Castro v. Mayorkas, 2:21-CV-00315-SAB

CourtUnited States District Courts. 9th Circuit. Eastern District of Washington
PartiesELTON HERNANDEZ CASTRO; and KRISTINE NICHOLLE HERNANDEZ, Plaintiffs, v. ALEJANDRO MAYORKAS, United States Secretary of the Department of Homeland Security; ANTONY J. BLINKEN, United States Secretary of State; and ERIC S. COHAN, Consul General of the United States, City of Ciudad Juarez, Defendants.
Decision Date11 April 2022
Docket Number2:21-CV-00315-SAB


ALEJANDRO MAYORKAS, United States Secretary of the Department of Homeland Security; ANTONY J. BLINKEN, United States Secretary of State; and ERIC S. COHAN, Consul General of the United States, City of Ciudad Juarez, Defendants.

No. 2:21-CV-00315-SAB

United States District Court, E.D. Washington

April 11, 2022



Before the Court is Defendants' Motion to Dismiss the Amended Complaint, ECF No. 6. Plaintiffs are represented by Clayton Cook-Mowery. Defendants are represented by Elissa Fudim. The motion was considered without oral argument. Having considered the briefing and the applicable caselaw, the Court denies Defendants' motion.


U.S. citizens and lawful permanent residents of the United States can petition for an immigrant visa for their immediate noncitizen relative by engaging in a two-step process. First, the U.S. citizen or lawful permanent resident must file


a petition with U.S. Citizenship and Immigration Services (“USCIS”) known as a Form I-130 (Petition for Alien Relative). See 8 U.S.C. § 1154(a)(1); 8 C.F.R. § 204.2. Second, if the petition is approved, the noncitizen can apply to the State Department for a visa. See 8 U.S.C. §§ 1201(a), 1202(a). As part of the visa application process, the noncitizen must appear for an in-person interview at a U.S. consulate abroad. 22 C.F.R. §§ 42.61-62.

However, if the noncitizen applying for the visa has been unlawfully present in the United States for more than one year, the noncitizen must submit a Form I-601A, Application for Provisional Unlawful Presence Waiver, prior to departing the United States for their consulate interview. Otherwise, if the noncitizen departs the United States without receiving this waiver, they become inadmissible to the United States and are ineligible for a visa for ten years from their date of departure. 8 U.S.C. § 11282(a)(9)(B); but see also 8 C.F.R. § 212.7(e) (“A pending or approved provisional unlawful presence waiver does not constitute a grant of a lawful immigration status or a period of stay authorized by the Secretary.”).

The decision whether to grant or deny a visa application rests with the consular officer. See 8 U.S.C. § 1201(a)(1). If the consular officer finds that the noncitizen is ineligible for a visa, the officer must deny the visa. 8 U.S.C. § 1201(g). Moreover, if the consular officer finds that the noncitizen is ineligible based on a ground of inadmissibility other than unlawful presence in the United States, the noncitizen's provisional unlawful presence waiver is automatically revoked. 8 C.F.R. § 212.7(e)(14)(i). In order to request reconsideration of a visa denial, the noncitizen must (1) remain outside of the United States; (2) reapply for a new provisional unlawful presence waiver; and (3) after obtaining this waiver, request reconsideration of their visa application. See id.; 22 C.F.R. § 42.81(e). Upon denial of a visa application, if the noncitizen (1) requests reconsideration within one year of the denial and (2) provides evidence that overcomes the ground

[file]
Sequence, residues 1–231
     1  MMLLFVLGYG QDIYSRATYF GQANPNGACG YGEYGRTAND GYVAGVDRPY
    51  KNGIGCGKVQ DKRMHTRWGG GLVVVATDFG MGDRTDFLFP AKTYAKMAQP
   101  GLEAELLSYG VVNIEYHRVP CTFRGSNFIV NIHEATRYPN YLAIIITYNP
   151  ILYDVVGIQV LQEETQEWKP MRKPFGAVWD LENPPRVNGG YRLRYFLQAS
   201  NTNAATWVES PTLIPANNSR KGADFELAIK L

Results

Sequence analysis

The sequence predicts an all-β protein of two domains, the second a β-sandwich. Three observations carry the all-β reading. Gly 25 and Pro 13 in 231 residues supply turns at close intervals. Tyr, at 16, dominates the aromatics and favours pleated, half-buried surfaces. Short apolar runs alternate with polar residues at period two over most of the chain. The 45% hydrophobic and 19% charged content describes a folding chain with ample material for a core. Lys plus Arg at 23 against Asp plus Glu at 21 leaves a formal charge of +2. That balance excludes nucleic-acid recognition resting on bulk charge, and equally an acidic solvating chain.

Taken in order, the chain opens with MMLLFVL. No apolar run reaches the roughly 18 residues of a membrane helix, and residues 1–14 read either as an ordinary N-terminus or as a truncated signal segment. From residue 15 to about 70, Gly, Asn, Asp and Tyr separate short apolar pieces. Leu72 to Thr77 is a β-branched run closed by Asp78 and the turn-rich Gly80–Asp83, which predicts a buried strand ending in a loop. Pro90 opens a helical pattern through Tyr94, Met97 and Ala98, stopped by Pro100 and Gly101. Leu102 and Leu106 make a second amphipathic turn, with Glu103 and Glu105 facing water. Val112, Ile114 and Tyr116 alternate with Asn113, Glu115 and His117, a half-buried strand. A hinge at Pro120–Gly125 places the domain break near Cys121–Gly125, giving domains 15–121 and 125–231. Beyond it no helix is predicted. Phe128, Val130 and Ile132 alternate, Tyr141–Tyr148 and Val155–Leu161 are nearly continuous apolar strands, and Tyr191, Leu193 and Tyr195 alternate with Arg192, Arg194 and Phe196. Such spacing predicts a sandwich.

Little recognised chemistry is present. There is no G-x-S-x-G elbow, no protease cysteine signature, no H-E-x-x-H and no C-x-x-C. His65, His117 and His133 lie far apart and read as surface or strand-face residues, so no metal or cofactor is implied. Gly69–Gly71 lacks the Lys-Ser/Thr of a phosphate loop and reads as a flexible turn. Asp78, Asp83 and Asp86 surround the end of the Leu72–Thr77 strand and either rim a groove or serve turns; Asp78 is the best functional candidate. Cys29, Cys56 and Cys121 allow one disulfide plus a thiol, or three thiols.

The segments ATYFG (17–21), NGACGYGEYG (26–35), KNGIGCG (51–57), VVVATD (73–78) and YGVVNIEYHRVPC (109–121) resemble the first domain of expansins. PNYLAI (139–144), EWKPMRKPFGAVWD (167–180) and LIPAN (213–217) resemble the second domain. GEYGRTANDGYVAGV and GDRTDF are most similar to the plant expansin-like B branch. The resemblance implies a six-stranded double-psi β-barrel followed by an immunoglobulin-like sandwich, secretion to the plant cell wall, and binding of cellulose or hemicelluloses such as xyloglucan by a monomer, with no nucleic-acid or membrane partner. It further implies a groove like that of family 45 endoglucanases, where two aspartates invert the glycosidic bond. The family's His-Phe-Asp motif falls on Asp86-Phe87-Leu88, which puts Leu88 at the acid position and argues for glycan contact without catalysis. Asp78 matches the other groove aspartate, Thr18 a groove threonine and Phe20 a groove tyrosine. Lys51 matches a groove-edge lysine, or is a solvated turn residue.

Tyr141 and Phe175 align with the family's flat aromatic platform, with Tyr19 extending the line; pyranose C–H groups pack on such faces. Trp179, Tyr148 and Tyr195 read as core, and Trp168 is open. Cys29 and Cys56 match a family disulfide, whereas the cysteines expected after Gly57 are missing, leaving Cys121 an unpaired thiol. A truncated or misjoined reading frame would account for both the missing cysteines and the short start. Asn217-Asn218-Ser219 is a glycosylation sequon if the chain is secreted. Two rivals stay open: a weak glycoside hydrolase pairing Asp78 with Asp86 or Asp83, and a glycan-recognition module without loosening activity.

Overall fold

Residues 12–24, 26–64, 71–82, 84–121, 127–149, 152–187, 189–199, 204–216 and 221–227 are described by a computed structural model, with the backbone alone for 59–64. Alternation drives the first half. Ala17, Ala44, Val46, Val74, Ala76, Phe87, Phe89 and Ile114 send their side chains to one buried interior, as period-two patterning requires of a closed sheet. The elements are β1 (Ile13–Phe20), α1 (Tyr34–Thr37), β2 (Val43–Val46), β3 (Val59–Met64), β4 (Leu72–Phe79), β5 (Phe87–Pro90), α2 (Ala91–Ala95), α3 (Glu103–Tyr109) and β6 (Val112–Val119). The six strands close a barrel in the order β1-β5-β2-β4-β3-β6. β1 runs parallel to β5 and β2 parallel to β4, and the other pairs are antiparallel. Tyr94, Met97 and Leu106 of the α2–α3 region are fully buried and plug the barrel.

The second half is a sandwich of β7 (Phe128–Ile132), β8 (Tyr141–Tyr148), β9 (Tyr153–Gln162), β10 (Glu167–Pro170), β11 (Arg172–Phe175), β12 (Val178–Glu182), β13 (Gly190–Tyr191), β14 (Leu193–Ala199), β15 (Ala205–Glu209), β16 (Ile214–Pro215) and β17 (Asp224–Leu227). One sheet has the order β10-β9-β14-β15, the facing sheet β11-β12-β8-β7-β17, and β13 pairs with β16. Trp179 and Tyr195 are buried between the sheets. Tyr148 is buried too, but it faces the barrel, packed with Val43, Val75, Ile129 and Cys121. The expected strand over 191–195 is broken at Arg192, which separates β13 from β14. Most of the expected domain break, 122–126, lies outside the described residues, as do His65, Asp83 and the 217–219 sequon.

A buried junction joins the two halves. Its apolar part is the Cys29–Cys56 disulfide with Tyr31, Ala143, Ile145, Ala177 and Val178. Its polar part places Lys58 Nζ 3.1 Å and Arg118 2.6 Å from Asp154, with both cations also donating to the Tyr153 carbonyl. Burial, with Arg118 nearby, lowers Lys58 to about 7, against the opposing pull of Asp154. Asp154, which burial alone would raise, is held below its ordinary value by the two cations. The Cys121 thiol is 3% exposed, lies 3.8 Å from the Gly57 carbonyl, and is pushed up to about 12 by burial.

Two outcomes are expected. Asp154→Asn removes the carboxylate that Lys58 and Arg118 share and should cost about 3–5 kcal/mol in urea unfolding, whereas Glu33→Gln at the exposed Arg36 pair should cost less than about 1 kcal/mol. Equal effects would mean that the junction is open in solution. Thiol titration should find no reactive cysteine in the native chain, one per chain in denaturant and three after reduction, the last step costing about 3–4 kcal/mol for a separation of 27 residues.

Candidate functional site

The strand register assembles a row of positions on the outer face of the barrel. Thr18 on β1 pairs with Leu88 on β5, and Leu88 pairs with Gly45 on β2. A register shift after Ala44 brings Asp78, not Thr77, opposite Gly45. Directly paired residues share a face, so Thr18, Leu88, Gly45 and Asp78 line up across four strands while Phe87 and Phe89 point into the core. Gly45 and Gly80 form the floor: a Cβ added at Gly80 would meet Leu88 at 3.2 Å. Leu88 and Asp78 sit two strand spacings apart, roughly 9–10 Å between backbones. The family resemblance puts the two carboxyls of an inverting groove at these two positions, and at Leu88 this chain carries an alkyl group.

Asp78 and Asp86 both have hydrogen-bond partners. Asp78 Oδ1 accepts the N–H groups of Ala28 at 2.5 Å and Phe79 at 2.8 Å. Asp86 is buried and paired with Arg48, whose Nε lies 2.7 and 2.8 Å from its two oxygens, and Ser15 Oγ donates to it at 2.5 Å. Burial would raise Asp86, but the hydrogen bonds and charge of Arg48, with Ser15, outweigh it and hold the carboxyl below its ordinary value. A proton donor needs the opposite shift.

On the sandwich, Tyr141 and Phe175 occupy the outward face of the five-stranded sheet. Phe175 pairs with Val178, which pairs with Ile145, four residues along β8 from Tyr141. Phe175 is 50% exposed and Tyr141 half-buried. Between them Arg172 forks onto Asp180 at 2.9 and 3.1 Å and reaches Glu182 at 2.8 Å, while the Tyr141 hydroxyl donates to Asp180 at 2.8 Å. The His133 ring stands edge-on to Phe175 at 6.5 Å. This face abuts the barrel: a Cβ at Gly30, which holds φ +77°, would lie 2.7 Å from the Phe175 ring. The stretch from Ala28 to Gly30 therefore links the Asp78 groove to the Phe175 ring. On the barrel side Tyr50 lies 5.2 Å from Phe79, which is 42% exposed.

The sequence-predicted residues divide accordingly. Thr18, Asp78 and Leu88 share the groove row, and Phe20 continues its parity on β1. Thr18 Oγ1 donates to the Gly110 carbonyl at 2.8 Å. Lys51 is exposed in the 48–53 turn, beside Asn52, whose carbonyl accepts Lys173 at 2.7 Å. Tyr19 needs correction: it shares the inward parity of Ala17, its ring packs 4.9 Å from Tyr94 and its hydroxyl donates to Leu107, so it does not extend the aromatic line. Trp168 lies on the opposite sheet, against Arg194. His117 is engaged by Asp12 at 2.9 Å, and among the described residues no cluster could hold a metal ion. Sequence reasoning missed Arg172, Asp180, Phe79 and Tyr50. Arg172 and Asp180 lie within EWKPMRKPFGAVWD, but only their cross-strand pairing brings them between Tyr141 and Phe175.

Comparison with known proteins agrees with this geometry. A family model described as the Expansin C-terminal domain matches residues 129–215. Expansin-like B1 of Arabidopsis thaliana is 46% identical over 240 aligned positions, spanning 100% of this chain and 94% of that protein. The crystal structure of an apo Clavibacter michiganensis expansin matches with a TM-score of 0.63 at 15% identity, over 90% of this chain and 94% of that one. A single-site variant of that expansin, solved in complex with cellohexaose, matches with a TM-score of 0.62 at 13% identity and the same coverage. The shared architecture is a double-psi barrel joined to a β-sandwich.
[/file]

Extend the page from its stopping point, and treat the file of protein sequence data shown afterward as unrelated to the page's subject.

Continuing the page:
of ineligibility on which the denial was based, the consulate officer must reconsider the denial. 22 C.F.R. § 42.81(b), (e).

As part of the visa application process, the noncitizen must submit to a physical and mental examination. 8 U.S.C. § 1201(d). If the medical examination is performed abroad, the examination is conducted by a panel physician selected by the U.S. Department of State embassies and consulates.[1] After the examination, the panel physician will complete certain forms, which they then submit to the consular office. A noncitizen can be found ineligible for a visa if they do not meet certain medical eligibility requirements, including if the noncitizen has not received the vaccinations recommended by the Advisory Committee for Immunization Practices. 8 U.S.C. § 1182(a)(1)(A)(ii) (“Any [noncitizen] . . . who has failed to present documentation of having received vaccination against vaccine-preventable diseases, which shall include . . . any [] vaccinations against vaccine-preventable diseases recommend by the Advisory Committee for Immunization Practices . . . is inadmissible.”).

Facts and Procedural History

The following facts are drawn from Plaintiffs' First Amended Complaint, ECF No. 5.

Plaintiffs Elton Hernandez Castro (“Mr. Hernandez Castro”) and Kristine Nicholle Hernandez (“Ms. Hernandez”) are a married couple. Ms. Hernandez is a U.S. citizen, whereas Mr. Hernandez Castro is not.

On July 30, 2018, Mrs. Hernandez filed a Form I-130 Family Petition on behalf of Mr. Hernandez Castro, which was approved on March 22, 2019. On November 14, 2019, Mr. Hernandez Castro then applied for a Form I-601A